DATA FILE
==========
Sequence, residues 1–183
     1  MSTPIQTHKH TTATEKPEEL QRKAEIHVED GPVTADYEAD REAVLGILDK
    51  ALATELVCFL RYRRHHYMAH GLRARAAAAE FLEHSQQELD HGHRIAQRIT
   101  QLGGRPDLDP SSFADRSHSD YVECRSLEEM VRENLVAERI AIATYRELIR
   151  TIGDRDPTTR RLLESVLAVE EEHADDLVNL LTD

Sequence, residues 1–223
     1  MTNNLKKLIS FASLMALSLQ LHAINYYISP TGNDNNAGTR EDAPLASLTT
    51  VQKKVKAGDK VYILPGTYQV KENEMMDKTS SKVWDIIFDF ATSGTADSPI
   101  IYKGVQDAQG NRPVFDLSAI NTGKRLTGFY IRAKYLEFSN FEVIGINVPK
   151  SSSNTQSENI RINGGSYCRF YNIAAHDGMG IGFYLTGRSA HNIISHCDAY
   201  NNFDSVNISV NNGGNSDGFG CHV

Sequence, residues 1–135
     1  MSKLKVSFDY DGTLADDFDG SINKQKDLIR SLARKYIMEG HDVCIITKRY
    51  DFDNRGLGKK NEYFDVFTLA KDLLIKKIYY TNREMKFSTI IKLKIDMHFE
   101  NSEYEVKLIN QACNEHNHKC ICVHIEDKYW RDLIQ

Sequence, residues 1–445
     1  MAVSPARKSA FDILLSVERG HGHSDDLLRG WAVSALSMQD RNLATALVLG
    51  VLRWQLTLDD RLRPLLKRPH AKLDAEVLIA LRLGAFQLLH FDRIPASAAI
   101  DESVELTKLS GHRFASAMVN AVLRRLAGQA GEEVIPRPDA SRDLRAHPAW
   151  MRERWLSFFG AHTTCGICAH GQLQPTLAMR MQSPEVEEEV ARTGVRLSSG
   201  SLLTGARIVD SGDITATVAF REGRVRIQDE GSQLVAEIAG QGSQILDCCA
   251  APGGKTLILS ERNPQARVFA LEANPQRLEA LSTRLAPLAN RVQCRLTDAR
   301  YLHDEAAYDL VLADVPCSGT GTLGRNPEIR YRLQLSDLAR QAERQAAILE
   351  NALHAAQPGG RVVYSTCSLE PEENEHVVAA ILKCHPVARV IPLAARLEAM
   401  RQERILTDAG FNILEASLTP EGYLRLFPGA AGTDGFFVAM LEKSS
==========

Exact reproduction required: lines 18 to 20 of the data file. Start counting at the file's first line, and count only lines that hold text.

    51  VLRWQLTLDD RLRPLLKRPH AKLDAEVLIA LRLGAFQLLH FDRIPASAAI
   101  DESVELTKLS GHRFASAMVN AVLRRLAGQA GEEVIPRPDA SRDLRAHPAW
   151  MRERWLSFFG AHTTCGICAH GQLQPTLAMR MQSPEVEEEV ARTGVRLSSG